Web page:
Wearables addictive and unstoppable says Google X’s Mary Lou Jepsen

Oct 11, 2013
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Wearable computing is an unstoppable, addictive force that could well step in to address neurodegenerative illnesses where medicine cannot, Google X's Mary Lou Jepsen says, though the display division chief refuses to be drawn on what her team is working on inside the clandestine lab. "It's coming. I don't think it's stoppable" Jepsen said of wearables like Google's Glass which she wore round her neck while speaking at MIT's EmTech conference on Thursday. However while it may be inescapable, Jepsen still can't tell us about her particular role in the future; "Sergey insists" on continued secrecy around her project, she explained, referring to Google X lab overseer and Google co-founder Sergey Brin.

Jepsen's background was already in game-changing hardware. As well as co-founding the One Laptop Per Child (OLPC) project, which aims to bring affordable computing equipment to both developing nations and classrooms closer to home - most recently with the XO Tablet - the display expert founded Pixel Qi, arguably the most successful transflective LCD manufacturer. Pixel Qi products not only work as regular LCDs in normal lighting, but can be used in high-contrast mode outdoors in bright sunlight or when minor power consumption is required.

She joined Google X earlier this year, as "Head of the Display Division", working on Google's so-called "moonshot" projects like self-driving autonomous cars which are not so directly connected to the bottom line as products like search, Gmail, and AdWords.

Jepsen is clearly convinced by wearables such as Glass. Describing them as "a way of amplifying you", much in the same way that she for a long time felt that her laptop was an extension of her mind, the benefit from wearable tech is that it "lets you do more, fast and easily" she suggests. In fact, "you become addicted to the speed of it" Jepsen warned, not only for more everyday tasks like taking photos, but one day for helping people with memory loss and similar conditions.

In ten years for instance, Jepsen predicted, wearables like Glass will be able to quickly identify those people around you, which the exec pointed out would be a real benefit to people with Alzheimer's among others. That's assuming Google can get past the privacy concerns; at the moment, the company has said it will not allow face-recognition on Glass until those worries are settled.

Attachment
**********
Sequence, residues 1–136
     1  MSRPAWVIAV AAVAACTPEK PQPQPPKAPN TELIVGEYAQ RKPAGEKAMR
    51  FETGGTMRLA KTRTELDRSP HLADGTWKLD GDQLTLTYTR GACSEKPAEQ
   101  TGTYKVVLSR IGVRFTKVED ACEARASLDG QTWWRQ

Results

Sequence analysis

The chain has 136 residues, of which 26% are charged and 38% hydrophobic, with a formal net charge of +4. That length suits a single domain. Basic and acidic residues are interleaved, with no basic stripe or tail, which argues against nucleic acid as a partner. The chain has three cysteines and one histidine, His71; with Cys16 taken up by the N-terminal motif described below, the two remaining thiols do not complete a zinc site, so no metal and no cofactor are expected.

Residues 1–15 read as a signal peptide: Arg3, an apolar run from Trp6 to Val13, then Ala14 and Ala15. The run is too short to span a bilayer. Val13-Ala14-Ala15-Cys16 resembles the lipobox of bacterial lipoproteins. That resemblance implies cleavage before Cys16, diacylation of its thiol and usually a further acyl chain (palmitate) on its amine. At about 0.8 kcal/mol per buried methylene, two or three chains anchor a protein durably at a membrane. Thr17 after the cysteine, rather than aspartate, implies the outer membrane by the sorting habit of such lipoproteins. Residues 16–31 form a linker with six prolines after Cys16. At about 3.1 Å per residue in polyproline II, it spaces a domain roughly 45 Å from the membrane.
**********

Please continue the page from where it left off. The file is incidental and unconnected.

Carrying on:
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Although wearables may end up being ubiquitous, that doesn't mean that we'll all be wearing Glass - or, indeed, hardware that looks like anybody else's - Jepsen claims. As well as her opinion that a range of choice in the design of any body-worn gadget is essential if they're to be commercially successful, given users will approach them as they do their personal taste in clothing and accessories, she suggested that physical and UI design are only part of a challenge in the segment that's still yet to be addressed.

"There's only so much you can do by styling the housing and icons" she commented. "I think there's a lot of room for diversity and innovation of approach here."

The current Glass Explorer Edition is offered in five colors, ranging from the more discrete black through to bright tangerine orange and "sky" blue. That, Google's Isabelle Olssen, lead industrial designer on the wearable, said at the company's own I/O conference, was because a single color was deemed too restrictive given Glass' requirement to "satisfy different personalities."

Future iterations, such as perhaps the consumer model which Google has suggested is on track for a 2014 release, could even be modular so as to be more flexible or scalable in how they integrate with whatever else the user is wearing.

That need for prior consideration of how a product will scale once launched is something Jepsen touched upon during her talk. In fact, she argued, it's vital that it's understood from very early on in the product-development cycle.

As for what Jepsen's team in particular is working on, that might be rolled out into the public eye in 2014. The division is "maybe sleeping three hours a night to bring the technology forward" but, as with other Google X projects, Brin had sworn her and the others to secrecy in the meantime.

IMAGE CDernbach


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